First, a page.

Police Dispatch 

Laser Fazer

click to enlarge bigstock-red-laser-beams-on-black-backg-78078506.jpg

Foothills Area

August 20, 11:53 p.m.

A laser pointer was the last straw for a local woman having problems with her neighbor—who also apparently liked to jump in front of the woman's slow-moving car—according to a Pima County Sheriff's Department report.

The reportee told sheriff's deputies that when she'd arrived home that evening, she'd just pulled into her garage and saw a red light pointing at her cars' rearview mirror as she exited—probably an alarming sight, as it likely resembled a laser point from certain guns.

She said she then saw that the light was coming from a laser pointer held by a person a short distance away, near where her community's mailboxes were located. She said she knew it was a certain female neighbor with whom she'd had "issues" for the past five weeks.

Specifically, she said, for more than a month, whenever she'd driven past the woman's house—which was at the end of the cul-de-sac where the reportee lived—the woman would jump out in front of her vehicle, as if to try to make her slow down. But, said the reportee, she always only drove about 15 miles per hour (the local speed limit) on her street, so she didn't understand why her neighbor would do this.

She hadn't bothered to report the neighbor's actions before, she stated, but the laser pointer particularly disturbed her. She admitted that night she'd given her harassing neighbor the finger after she'd exited her vehicle, after which the woman dove behind some bushes.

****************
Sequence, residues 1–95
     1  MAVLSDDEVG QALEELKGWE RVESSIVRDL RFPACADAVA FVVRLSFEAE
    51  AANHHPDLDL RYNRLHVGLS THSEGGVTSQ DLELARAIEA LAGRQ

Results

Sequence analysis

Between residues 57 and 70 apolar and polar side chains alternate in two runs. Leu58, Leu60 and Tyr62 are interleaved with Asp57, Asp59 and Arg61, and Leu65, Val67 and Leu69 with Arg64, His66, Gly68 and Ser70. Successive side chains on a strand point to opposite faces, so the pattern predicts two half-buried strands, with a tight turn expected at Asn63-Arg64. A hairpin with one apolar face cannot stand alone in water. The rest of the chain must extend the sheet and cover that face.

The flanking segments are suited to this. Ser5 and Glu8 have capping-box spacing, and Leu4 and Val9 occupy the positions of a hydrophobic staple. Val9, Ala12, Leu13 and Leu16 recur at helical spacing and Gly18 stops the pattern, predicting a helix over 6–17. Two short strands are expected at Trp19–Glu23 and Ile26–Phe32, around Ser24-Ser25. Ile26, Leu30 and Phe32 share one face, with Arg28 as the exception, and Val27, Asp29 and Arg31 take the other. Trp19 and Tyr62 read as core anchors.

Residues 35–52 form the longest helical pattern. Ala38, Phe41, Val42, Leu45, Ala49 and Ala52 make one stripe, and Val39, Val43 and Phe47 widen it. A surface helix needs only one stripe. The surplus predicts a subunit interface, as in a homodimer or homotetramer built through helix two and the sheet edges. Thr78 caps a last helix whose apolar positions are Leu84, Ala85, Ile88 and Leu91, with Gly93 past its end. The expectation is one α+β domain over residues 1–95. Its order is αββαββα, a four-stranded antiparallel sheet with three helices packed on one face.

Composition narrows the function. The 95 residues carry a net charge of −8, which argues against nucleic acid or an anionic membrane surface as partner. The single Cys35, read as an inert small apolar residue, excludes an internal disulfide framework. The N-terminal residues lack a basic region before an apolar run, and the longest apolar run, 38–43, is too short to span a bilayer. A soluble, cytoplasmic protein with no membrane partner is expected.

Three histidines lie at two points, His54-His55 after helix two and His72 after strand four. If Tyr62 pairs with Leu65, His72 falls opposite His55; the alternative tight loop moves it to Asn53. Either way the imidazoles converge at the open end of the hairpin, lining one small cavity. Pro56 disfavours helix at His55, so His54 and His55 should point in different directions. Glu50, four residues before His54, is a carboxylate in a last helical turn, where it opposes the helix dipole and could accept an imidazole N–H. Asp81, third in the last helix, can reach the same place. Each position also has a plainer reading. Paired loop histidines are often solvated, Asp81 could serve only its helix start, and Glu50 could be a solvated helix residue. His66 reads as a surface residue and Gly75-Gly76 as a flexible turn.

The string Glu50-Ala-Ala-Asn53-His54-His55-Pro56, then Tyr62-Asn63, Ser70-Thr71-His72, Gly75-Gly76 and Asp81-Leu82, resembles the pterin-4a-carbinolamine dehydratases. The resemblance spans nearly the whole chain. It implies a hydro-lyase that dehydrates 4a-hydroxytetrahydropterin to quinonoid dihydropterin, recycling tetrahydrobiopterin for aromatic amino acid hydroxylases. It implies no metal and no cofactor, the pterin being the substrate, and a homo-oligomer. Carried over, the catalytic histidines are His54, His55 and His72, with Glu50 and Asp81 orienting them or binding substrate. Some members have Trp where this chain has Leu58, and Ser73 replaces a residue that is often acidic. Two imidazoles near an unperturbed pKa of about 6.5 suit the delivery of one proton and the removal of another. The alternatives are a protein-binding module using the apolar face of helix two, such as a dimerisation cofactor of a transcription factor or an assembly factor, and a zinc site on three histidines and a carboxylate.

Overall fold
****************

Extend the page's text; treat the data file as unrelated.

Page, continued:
When deputies rang the doorbell of the neighbor's house, they heard a boy yell, and then a woman answered the door. At first she acted confused, saying she had no idea why they were there. After a pause, however, she pointed toward the reportee's house and asked, "Is it because of the neighbor down the cul-de-sac ... who (speeds) through the neighborhood?"

Deputies affirmed that indeed that was the reportee's house and asked if the subject had ever jumped in front of her car—which the subject adamantly denied, though she did say she'd "tried to wave (the reportee) down as she drives by on occasion."

The woman denied owning a laser pointer, but eventually conceded that her 10-year-old nephew (presumably the boy deputies heard earlier) had an airsoft gun with a laser.

She then became defensive, saying, "Why do you believe (the reportee), but not me?" One deputy replied that the neighbor's statements weren't "adding up." He asked her why the reportee would make up such an odd story if it weren't true—to which the subject said "she did not know why, but it seems like people just make up stories and contact the police for no reason."

Deputies said if she'd had a problem with the reportee's driving, she should've contacted them first. They then commanded her to stay away from the reportee.

More by Anna Mirocha


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